Three years ago the boarded-up Victorian-era home, originally owned by local merchant Morris Marks, was seen wheeling through Downtown Portland in two pieces.
Preservationists Rick Michaelson and Karen Karlsson bought the house for a single buck after it spent a century subdivided into boarding rooms, Oregon Live reports.
But the property, which was built in a ritzy part of Portland in the 1880s, was at risk of being demolished so they moved it to a new plot 17 blocks away.
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The house is seen above in its original plot in Downtown Portland as construction workers prepared to move it
In 2017 preservationists Rick Michaelson and Karen Karlsson saved it from the wrecking ball, buying it from an owner who’d filed for a permit to demolish the Italianate house
The historic 1880 Portland home of shoe merchant Morris Marks was cut in half, moved several blocks, and lovingly restored on its new lot, where it’s now listed for sale or lease as a commercial space
Karlsson, a development consultant, and Michaelson, preservation developer with Inner City Properties, worked with Richard De Wolf of design-build firm Arciform to overhaul the house.
‘This is the most beautiful, most authentic project I’ve worked on,’ Karlsson told Oregon Live. ‘And it’s a perfect post-COVID-19 office space.’
She expects the house could function as a sort of work-from-home-away-from-home space for a company that’s downsized its footprint and allowed workers to go remote.
The three-story Fried-Durkheimer House, as it’s known, has expertly-restored ornate arches, bay windows, and balconies befitting its early days as a townhouse near Washington Park.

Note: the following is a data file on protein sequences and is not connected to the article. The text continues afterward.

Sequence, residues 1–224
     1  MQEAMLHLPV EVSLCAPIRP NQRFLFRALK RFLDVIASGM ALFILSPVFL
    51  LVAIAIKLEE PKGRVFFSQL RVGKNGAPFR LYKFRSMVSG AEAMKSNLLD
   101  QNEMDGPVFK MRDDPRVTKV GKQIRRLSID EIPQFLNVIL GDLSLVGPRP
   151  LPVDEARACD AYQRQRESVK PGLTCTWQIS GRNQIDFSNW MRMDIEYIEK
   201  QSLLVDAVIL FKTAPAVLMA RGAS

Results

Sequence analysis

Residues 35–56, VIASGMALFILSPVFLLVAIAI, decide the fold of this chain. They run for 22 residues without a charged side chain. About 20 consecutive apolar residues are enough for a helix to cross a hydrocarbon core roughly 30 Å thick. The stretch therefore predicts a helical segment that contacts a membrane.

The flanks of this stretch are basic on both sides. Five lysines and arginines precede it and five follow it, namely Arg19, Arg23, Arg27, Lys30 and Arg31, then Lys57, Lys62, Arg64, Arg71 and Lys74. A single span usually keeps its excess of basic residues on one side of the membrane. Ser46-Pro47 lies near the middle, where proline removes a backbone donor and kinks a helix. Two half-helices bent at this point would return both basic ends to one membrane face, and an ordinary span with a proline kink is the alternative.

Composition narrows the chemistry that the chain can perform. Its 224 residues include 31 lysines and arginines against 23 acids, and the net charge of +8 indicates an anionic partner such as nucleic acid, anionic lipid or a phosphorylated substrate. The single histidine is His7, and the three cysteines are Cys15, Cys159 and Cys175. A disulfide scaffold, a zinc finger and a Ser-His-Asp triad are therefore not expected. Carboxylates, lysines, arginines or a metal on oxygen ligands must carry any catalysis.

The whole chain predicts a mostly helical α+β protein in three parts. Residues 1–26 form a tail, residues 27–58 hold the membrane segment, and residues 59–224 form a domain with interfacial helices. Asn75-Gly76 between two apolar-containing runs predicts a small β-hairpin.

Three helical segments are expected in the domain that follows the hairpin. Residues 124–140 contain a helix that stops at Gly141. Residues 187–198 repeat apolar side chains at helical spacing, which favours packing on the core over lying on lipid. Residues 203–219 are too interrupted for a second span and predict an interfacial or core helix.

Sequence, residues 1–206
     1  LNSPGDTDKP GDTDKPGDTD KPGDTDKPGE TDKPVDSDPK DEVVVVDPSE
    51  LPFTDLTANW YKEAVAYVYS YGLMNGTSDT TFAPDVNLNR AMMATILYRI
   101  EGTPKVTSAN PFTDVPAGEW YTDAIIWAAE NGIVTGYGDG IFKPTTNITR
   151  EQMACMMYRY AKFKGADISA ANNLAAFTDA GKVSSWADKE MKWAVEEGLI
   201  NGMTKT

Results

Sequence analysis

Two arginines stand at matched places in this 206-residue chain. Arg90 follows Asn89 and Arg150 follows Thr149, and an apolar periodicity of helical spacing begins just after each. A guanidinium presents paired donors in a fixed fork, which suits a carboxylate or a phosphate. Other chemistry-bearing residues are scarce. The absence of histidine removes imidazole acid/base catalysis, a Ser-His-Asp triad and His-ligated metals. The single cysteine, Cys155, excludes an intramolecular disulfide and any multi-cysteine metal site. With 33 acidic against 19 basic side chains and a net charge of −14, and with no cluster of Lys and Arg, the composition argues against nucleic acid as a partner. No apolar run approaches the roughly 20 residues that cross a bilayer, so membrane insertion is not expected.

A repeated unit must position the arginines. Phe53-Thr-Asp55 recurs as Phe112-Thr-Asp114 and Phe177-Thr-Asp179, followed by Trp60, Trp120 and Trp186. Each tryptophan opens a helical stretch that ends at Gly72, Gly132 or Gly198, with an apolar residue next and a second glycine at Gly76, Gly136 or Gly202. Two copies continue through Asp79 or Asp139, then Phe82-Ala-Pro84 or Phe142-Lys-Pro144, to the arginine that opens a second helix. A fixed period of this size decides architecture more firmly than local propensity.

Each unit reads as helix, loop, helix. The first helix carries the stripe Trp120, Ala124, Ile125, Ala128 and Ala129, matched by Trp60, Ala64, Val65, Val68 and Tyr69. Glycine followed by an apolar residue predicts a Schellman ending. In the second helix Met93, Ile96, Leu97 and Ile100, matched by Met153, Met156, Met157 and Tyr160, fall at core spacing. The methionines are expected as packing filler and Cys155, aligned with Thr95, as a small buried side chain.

But as it was increasingly hemmed in by taller buildings, its life as a rooming house ended. The 12th Avenue house was shuttered, and squatters moved in, Michaelson told Oregon Live.
The map above shows the route the house took from its old plot to its new site. It is now on the market for $1.8million
The owners wanted it demolished and applied for a permit. But Michaelson and Karlsson swept in with their $1 offer to rescue it.
To save it from the wrecking ball, they reached a deal that required them to find a suitable new lot for the house and to secure $440,000 funding for permits and other expenditures.
The new owners found that several original elements survived the century-plus: not only the architectural details on the exterior, but also the inside’s original millwork and marble fireplace.
Instead of the wrecking ball, the Fried-Durkheimer House went under the knife. The building was sliced into two 84,000lb sections before its move
Michaelson and Karlsson hired Oxbo Mega Transport Solutions to move the building sections five blocks east and 12 blocks south
The Ox-Bo team wheels the former Morris Marks manse across the I-405 freeway in September 2017
The team hired Oxbo Mega Transport Solutions to move the building five blocks east and 12 blocks south, just across the I-405 freeway that loops the edge of Downtown.
But first, Oxbo had to slice the house into two sections that each weighed 84,000lbs.
The move went off without a hitch in September 2017.
Its new triangular lot just south of Downtown affords the newly commercial space views from all four sides
As they began renovation, its new owners found that not only the original architectural details on the exterior had survived, but so did the inside’s original millwork and marble fireplace
Today the house, now on the National Register of Historic Places, sits on its new triangular lot which affords it views from all four sides.
Listed by Jim Brunke Real Estate, the historic building offers 3,900 square feet of office space on its two original levels plus a new ground level with a separate entrance. There are eight off-street parking spaces.
Jim Brunke says the building is also up for lease. The main house’s 2,600 square feet can be had for $6,700 a month, and the lower space, with its 1,300 square feet, is on offer for $3,500 monthly.